Damned by Chuck Palahniuk follows the idea that every cliché you’ve ever heard about Hell is absolutely and completely true. And Hell isn’t really that bad of a place so long as you don’t expect it to be like Heaven. All it needs is a little optimism and some long-overdue re-landscaping by the supernumerous tenants.
The book is creative, thoughtful and entertaining, and is probably more broadly-appealing to readers than most of Palahniuk’s other, more shockingly gruesome works. With trim, lean writing the author creates the most sympathetic, likable protagonist of his career. To his credit, the 13-year old female protagonist is thoroughly authentic in thought and viewpoint, which allows Palahniuk to lead the character to a number of unusually profound conclusions. Like the protagonist, every member of the supporting cast is similarly illustrated with sympathetic—if not tragic—human weaknesses. As the backstories of these characters are revealed the reader becomes continually haunted with the idea that there is no Heaven at all, and that Hell is for everyone.
Despite its strengths, Damned is not Palahniuk’s best. His trademark technique of using repetition in changing contexts fails to fulfill its purpose in this novel. The result is frequently negatively iterative, if not, at times, indulgent.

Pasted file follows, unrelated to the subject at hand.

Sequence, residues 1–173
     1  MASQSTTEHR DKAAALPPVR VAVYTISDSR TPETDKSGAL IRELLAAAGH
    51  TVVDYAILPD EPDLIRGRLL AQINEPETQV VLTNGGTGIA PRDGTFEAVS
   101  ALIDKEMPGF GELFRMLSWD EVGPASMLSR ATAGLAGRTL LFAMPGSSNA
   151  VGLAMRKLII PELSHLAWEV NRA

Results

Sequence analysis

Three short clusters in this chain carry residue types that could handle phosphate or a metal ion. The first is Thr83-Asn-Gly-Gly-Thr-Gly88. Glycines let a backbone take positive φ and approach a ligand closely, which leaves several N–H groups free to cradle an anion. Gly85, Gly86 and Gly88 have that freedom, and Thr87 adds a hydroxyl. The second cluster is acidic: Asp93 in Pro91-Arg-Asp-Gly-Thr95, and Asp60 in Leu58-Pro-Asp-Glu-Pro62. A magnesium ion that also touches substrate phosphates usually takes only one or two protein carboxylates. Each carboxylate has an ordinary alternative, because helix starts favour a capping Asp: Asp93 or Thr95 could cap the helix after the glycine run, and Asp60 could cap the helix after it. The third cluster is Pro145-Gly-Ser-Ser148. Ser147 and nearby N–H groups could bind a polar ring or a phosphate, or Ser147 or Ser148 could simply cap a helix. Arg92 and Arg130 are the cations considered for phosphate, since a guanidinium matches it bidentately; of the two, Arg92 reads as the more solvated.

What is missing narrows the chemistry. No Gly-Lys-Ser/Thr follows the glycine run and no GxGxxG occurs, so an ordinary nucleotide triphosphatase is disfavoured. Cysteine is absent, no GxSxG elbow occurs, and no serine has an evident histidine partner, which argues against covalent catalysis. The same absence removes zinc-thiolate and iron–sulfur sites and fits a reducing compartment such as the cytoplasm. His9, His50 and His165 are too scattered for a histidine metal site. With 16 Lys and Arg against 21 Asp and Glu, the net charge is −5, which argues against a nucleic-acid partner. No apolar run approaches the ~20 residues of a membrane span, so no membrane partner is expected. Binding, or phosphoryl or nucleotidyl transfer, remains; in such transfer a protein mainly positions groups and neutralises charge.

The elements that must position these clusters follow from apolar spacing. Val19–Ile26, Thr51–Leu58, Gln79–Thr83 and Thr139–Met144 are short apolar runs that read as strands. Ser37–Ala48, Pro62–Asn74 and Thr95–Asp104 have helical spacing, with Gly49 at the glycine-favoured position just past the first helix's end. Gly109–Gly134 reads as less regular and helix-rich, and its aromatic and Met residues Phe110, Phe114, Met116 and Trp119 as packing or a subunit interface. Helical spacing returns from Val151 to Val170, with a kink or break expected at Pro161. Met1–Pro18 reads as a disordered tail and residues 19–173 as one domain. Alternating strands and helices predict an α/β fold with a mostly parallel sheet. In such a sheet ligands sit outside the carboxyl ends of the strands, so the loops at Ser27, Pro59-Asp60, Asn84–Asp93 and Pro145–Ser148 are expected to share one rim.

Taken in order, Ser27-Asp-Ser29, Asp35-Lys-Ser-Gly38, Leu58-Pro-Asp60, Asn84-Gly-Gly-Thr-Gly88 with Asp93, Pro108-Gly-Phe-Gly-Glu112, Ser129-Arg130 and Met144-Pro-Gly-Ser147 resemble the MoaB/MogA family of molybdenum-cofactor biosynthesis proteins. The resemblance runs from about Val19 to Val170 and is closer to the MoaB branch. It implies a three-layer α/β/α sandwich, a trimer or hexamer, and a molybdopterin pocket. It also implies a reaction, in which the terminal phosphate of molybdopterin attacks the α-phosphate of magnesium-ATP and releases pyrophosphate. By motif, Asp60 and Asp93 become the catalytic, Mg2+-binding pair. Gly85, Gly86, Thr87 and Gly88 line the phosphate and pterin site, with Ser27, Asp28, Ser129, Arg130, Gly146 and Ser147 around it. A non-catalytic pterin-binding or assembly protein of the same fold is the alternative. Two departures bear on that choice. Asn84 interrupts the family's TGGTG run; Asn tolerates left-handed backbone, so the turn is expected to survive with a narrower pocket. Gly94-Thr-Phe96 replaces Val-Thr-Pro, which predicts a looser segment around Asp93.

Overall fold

The structure of the final act is particularly weak as well, giving the impression that the novel was cut short of the full story the author was trying to tell. Virtually without warning, we are ushered to a rapid climax which dissipates with an anti-climax. The pivotal idea to the story’s final revelation—that the main character is driven by free will—is hindered by the poor structure and ultimately results in invalidating all the story which preceded it by making it feel pointless.
Damned is worth a read, especially for those who love anti-fundamentalist and anti-liberal satire.
Rating: 3 / 5